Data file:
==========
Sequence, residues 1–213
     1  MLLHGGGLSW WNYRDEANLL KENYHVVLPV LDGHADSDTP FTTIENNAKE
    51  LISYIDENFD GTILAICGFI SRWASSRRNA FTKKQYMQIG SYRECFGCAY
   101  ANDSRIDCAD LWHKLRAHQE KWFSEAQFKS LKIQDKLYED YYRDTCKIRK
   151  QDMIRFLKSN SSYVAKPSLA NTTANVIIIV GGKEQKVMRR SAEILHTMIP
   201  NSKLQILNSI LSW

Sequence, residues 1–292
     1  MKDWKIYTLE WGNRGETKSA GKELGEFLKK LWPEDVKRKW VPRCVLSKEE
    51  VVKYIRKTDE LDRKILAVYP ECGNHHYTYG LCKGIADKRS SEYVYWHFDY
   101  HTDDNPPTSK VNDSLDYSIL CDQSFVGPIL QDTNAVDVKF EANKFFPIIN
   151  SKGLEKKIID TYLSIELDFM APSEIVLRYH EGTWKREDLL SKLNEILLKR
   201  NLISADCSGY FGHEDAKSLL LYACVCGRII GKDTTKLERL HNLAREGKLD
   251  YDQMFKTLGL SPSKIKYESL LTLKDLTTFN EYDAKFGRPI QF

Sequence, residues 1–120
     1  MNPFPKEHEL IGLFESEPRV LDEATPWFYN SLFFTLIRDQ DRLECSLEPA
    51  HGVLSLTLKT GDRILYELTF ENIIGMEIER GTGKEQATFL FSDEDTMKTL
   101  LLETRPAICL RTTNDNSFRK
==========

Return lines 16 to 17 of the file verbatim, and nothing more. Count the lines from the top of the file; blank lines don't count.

    51  HGVLSLTLKT GDRILYELTF ENIIGMEIER GTGKEQATFL FSDEDTMKTL
   101  LLETRPAICL RTTNDNSFRK